Base Training = Summer Training

by Andy at SkiPost

If you wanted to think about one thing that would likely give an improvement in your racing – it would be the addition of intervals. Many/most people go medium hard every day. They push their effort and feel a sense of accomplishment at the end of their workout. But by going medium hard every day they never have the energy to go very hard. They get very good at going medium hard but can not increase their pace in a race. If they would learn to go easy on easy days and very hard on very hard days they would improve their race day performance much easier than by going medium hard every day.

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Below is more details on what to think about in your Summer base training. Base training is so called because it is the base upon which later phases of training are built.

ENDURANCE:

Aerobic endurance is the number one component of cross-country ski racing, and it is the component of ski racing which takes the most time to develop. It is the primary aim of the base training period.

Example: 2hour rollerski or run split between Level 1 and 2 or a 3 hour bike on hilly terrain split between Level 1 and 2. Please note: about 80% of all training is endurance training. The rest is strength, intervals and races, etc.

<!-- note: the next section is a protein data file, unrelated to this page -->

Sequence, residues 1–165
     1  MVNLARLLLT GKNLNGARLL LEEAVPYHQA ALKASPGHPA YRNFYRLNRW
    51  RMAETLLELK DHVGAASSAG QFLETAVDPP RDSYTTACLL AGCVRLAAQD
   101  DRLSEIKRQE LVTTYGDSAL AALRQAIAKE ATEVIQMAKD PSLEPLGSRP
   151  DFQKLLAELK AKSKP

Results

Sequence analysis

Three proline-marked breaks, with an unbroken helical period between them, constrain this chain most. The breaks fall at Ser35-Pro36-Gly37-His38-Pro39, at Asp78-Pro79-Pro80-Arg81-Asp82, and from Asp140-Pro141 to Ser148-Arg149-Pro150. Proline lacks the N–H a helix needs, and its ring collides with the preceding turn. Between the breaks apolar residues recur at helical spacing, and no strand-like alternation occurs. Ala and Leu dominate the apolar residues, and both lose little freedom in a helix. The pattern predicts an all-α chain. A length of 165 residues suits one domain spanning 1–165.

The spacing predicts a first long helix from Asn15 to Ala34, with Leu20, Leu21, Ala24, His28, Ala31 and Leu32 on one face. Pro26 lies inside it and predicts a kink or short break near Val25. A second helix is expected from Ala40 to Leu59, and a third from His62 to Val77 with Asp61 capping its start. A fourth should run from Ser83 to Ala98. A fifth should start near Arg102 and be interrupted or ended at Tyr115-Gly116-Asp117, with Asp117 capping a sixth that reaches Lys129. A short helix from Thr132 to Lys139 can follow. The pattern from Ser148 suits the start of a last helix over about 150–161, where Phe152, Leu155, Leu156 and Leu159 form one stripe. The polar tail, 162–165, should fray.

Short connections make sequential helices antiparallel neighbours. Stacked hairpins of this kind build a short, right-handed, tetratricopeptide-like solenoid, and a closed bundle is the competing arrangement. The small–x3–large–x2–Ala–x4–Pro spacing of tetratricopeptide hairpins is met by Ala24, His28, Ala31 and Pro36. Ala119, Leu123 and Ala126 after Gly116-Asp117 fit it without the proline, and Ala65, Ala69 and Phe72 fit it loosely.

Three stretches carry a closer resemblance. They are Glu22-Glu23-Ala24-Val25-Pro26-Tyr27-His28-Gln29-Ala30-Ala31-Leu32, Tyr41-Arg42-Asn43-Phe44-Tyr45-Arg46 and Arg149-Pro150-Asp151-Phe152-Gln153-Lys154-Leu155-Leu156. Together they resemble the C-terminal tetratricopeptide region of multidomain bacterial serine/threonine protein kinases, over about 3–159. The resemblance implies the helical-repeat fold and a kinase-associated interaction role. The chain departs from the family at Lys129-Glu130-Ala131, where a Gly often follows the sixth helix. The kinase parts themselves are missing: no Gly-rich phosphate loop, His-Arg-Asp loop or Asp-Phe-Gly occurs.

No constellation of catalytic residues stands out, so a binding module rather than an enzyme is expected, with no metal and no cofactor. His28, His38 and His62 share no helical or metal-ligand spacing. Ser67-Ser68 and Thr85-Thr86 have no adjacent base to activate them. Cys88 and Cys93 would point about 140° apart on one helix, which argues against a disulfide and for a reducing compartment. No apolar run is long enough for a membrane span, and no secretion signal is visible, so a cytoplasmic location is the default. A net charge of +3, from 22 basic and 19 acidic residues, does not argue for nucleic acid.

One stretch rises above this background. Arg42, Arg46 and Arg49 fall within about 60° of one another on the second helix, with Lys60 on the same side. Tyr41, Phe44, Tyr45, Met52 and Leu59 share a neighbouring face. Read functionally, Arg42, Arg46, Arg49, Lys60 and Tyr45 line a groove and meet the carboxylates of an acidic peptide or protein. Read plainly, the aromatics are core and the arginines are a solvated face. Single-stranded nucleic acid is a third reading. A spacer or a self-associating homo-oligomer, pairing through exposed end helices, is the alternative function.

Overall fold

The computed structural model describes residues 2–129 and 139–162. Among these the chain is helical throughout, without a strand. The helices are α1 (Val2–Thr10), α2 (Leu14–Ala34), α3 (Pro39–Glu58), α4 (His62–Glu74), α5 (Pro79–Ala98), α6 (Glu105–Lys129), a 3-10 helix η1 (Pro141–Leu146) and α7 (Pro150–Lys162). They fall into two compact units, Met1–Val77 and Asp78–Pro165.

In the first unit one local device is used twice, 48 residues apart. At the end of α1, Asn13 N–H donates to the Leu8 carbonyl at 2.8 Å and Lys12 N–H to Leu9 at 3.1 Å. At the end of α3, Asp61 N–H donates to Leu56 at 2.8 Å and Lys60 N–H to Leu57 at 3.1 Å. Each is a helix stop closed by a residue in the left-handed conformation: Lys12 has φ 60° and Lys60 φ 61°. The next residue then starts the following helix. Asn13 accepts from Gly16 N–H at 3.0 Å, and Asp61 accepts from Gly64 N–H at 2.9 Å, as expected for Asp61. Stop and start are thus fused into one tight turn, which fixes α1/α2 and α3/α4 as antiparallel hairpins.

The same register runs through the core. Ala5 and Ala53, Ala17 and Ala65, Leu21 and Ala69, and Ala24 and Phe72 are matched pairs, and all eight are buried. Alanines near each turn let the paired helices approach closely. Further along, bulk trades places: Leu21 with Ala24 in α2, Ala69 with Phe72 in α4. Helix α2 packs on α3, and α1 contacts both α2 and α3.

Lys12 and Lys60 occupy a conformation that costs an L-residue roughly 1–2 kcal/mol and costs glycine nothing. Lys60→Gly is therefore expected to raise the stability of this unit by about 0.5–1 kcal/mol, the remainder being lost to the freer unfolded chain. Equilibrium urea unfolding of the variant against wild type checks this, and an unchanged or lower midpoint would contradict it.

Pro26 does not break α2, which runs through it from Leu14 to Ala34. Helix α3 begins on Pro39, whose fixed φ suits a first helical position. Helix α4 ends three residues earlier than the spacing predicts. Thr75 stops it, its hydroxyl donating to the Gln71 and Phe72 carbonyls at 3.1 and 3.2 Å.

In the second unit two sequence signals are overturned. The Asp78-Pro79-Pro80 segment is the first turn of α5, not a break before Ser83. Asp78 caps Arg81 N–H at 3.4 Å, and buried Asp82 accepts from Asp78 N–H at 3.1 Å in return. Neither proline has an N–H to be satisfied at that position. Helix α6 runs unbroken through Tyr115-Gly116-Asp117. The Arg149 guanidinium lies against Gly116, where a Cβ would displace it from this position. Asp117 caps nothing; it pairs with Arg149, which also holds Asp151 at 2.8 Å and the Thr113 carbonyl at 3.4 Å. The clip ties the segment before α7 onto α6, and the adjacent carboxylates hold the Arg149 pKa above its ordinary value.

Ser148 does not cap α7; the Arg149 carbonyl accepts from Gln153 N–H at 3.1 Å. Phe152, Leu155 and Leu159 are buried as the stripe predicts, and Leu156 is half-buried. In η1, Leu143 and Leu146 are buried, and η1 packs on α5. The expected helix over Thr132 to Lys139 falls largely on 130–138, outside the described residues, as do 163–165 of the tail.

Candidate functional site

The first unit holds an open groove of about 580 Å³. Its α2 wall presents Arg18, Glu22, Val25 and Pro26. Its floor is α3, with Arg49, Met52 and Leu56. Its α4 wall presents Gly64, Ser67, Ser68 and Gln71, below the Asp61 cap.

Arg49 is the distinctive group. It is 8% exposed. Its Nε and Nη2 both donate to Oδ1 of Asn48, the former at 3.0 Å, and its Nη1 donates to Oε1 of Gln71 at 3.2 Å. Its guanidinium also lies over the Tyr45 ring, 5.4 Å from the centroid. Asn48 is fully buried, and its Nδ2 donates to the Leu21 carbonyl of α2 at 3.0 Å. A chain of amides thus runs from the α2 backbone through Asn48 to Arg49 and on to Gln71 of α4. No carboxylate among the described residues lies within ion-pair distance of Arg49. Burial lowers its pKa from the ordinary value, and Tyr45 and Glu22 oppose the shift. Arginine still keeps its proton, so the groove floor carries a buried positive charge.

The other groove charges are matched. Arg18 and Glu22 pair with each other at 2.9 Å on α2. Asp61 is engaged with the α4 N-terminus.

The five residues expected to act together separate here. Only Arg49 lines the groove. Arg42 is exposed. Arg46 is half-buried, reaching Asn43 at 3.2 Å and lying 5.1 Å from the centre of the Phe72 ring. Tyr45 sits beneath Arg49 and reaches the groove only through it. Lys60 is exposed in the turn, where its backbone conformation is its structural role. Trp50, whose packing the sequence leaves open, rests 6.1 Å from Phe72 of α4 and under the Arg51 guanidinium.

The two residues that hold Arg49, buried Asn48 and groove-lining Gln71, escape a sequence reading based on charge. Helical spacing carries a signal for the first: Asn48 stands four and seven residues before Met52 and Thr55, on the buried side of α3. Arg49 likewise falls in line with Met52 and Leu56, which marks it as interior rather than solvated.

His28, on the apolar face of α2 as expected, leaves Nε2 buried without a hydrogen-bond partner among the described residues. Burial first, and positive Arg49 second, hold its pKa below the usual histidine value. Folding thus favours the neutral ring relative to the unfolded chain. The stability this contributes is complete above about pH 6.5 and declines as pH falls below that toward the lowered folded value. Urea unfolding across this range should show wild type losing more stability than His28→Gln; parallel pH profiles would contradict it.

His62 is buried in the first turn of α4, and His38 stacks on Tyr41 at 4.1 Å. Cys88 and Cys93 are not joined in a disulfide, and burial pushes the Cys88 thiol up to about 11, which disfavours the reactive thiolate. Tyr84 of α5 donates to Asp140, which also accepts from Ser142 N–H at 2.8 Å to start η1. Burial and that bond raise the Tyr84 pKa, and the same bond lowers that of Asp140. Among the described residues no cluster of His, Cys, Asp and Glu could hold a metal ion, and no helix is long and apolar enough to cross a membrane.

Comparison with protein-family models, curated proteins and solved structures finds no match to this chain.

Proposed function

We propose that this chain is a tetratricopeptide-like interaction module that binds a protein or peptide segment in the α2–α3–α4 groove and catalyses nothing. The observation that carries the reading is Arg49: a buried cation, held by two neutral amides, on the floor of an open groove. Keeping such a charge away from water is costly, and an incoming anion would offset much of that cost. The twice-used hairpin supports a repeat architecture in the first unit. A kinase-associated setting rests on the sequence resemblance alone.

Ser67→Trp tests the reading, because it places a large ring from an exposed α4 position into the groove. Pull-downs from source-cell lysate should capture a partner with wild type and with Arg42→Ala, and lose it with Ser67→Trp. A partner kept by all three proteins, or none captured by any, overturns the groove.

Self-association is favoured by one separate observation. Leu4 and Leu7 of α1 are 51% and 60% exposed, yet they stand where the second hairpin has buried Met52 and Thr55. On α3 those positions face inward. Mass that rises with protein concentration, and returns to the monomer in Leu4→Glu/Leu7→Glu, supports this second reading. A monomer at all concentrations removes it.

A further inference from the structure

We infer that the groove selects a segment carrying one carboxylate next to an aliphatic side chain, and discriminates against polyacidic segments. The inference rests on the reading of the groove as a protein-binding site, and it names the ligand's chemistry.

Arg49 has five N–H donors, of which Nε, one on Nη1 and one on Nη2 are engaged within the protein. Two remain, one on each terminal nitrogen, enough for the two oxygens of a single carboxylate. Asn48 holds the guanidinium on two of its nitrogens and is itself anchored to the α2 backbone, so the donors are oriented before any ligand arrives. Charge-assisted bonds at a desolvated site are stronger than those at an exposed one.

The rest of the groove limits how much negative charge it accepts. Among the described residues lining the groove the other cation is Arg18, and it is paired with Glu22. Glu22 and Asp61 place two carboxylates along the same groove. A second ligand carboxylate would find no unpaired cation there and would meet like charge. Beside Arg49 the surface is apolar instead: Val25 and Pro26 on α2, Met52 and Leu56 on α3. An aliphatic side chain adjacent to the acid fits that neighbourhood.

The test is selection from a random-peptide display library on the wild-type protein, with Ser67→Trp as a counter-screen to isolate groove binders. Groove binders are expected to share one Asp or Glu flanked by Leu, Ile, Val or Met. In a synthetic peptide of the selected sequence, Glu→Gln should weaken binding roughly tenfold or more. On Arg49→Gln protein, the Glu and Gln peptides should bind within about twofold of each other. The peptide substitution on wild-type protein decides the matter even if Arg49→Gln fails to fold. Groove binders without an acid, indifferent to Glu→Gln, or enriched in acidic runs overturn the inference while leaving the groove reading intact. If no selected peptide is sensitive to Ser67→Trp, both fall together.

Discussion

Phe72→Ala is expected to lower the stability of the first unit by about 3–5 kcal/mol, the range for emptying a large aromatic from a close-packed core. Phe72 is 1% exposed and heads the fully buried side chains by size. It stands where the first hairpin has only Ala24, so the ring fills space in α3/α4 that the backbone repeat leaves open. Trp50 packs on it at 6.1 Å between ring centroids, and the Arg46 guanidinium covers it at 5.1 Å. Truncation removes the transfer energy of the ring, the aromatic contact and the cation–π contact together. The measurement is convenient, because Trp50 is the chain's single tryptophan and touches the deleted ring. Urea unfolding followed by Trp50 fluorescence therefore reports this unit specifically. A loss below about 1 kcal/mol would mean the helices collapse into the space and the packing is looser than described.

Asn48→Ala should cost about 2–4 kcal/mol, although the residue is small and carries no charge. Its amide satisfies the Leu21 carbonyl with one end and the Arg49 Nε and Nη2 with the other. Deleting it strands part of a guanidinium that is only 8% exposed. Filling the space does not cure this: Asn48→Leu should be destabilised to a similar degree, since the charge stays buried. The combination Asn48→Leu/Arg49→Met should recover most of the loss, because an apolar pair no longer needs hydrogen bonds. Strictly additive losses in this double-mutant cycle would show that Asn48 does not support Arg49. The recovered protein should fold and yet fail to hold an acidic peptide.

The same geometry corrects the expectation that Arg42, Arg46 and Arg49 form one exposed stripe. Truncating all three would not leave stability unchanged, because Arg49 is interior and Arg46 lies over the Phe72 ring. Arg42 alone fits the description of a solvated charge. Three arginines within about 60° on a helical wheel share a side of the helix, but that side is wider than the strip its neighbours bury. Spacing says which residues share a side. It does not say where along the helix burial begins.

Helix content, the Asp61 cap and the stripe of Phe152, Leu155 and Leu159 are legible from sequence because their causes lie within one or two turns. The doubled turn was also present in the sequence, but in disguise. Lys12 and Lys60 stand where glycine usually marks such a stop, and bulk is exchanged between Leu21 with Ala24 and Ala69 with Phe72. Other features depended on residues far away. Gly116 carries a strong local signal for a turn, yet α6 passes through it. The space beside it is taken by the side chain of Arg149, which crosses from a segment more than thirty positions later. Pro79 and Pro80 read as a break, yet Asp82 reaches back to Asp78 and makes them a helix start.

STRENGTH:

General: Power and strength-endurance are built on max strength. General strength develops overall tendon and muscle strength necessary to support latter forms of training. General strength is the focus through the spring and summer.

Specific: Specific strength becomes more a focus later in the summer and into the fall once a solid base of general strength has been established.

Example: Endurance session using only double pole over gradual terrain.    

INTENSITY:

Most intensity should be below the lactate threshold early in the summer. Anaerobic training such as speed is good, but hard aerobic and anaerobic intervals should be kept to a minimum early on.

TECHNIQUE AND SPEED:

Speed training during the base period should not be done at a hard intensity (short bouts of speed with full recovery are recommended) and should be oriented toward using correct movements at race speeds – not at moving at an unrealistic pace.

Example: Incorporate 10 20 second bursts of speed into your endurance training.

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